Ned McGowan

Ned McGowan

photo by Clara Ko

Born in the United States (1970) but living for more than a decade now in Holland, Ned McGowan simply makes music for, and with, his friends. These friends play piano, recorder, trumpet, fretless electric bass, mredangam, kanjeera, and many other instruments. Amsterdam, where he presently lives, encourages different musics to co-exist, often sharing the same venues and, as often than not, the same players. New music sometimes grows from such co-habitation, and the CD Tools (KLR 011) proves it.

A brief look at McGowan’s own background shows some of the roots of his musical thinking. He studied both composition and classical flute, yet spent as much of his youth listening to rock and jazz as he did to classical repertory. The rhythmic nature of his music, often groove-based, is audibly related to his love of popular musics; but this goes hand-in-hand with a strong feeling for European classical tradition, especially as regards formal issues in his compositions. Moreover, both as player and listener he has long been strongly attracted to jazz and to improvisation of various kinds, supporting himself during his conservatory days by playing in jazz clubs; a commitment to live music-making remains an important part of his activities today. Coming to Amsterdam following the completion of his studies in Cleveland and San Francisco, he pursued several of these lines of development simultaneously. He continued his study of the flute, developing a range of virtuoso skills from the integration of “extended techniques” into his playing to the use of microtones with their associated complexities of fingering and lip technique. (Moonrise, played on Tools by McGowan himself, shows this aspect of his work.) Equally important was his growing fascination with the study of south Indian classical music, a wholly different world, musically, from the European avant-garde. McGowan’s recent music doesn’t so much attempt to fuse the Carnatic and the western influences but to strive for an idiom in which all of these various musics – American popular, European classical and avant-garde, Carnatic, a fascination with metrically and proportionally intricate rhythms, the use of microtones in the search for new subtleties of melody – in which all of these, and many others, rub against each other and generate new meanings.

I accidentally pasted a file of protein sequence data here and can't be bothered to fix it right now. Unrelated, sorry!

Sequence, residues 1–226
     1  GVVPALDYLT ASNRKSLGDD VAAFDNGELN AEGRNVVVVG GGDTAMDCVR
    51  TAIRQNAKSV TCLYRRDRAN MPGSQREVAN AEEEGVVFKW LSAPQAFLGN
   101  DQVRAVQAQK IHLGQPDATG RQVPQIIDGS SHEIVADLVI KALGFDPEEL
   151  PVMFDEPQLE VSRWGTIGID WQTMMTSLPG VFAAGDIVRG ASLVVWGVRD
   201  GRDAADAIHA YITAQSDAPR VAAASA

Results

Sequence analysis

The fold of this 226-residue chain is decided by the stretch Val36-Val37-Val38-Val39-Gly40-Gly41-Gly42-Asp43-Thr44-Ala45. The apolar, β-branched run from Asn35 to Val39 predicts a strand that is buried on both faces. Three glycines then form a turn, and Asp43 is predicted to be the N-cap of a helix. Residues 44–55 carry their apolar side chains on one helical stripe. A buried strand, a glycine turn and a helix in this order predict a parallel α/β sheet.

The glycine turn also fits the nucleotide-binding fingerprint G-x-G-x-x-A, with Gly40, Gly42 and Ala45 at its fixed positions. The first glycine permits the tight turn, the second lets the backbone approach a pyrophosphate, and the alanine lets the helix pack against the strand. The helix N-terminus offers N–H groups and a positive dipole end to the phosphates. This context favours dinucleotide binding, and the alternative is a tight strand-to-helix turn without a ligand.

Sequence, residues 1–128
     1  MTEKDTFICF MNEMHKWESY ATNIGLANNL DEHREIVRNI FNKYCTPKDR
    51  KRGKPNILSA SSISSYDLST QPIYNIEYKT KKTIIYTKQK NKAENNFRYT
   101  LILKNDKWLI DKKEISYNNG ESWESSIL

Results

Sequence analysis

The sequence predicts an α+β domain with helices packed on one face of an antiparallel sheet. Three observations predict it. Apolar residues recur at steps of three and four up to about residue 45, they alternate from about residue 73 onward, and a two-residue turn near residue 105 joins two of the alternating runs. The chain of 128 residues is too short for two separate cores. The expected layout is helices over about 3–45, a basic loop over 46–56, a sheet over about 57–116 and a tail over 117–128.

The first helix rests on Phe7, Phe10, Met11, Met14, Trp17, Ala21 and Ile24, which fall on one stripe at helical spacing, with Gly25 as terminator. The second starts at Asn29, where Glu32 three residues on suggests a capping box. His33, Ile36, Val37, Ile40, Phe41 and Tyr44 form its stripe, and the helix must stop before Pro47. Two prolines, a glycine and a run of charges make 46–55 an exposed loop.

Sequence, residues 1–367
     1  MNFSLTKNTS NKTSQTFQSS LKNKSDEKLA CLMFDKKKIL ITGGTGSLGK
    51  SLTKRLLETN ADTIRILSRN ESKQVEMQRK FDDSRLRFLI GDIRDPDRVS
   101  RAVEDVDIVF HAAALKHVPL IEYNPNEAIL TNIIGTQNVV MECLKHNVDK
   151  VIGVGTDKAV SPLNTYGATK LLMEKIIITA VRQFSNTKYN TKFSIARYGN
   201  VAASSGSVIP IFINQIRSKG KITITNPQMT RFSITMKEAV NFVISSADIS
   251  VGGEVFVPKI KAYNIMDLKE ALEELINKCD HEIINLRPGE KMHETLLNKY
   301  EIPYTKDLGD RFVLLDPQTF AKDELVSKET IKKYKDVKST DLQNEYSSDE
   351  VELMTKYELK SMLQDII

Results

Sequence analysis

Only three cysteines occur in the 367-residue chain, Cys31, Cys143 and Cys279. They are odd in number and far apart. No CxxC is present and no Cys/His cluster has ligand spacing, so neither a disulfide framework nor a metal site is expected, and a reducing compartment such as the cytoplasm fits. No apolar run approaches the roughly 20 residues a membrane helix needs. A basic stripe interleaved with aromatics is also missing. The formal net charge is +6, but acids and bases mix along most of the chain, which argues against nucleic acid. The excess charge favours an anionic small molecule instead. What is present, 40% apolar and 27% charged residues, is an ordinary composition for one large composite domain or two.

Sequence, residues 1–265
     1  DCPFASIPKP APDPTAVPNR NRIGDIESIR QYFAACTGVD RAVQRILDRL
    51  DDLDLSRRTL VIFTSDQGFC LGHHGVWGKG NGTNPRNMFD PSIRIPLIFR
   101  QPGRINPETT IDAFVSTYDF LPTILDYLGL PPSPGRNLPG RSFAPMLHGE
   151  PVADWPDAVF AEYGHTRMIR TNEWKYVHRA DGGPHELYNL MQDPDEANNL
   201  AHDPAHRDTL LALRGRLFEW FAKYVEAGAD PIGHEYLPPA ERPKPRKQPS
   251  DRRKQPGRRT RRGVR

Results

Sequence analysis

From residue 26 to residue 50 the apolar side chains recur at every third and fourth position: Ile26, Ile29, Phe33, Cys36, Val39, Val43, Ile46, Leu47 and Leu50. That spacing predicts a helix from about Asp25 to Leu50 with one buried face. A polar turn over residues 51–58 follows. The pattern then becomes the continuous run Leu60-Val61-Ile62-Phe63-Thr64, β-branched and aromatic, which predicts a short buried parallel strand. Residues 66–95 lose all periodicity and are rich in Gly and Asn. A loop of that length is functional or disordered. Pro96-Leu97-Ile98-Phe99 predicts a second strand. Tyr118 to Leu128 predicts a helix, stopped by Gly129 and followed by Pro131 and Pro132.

text by Bob Gilmore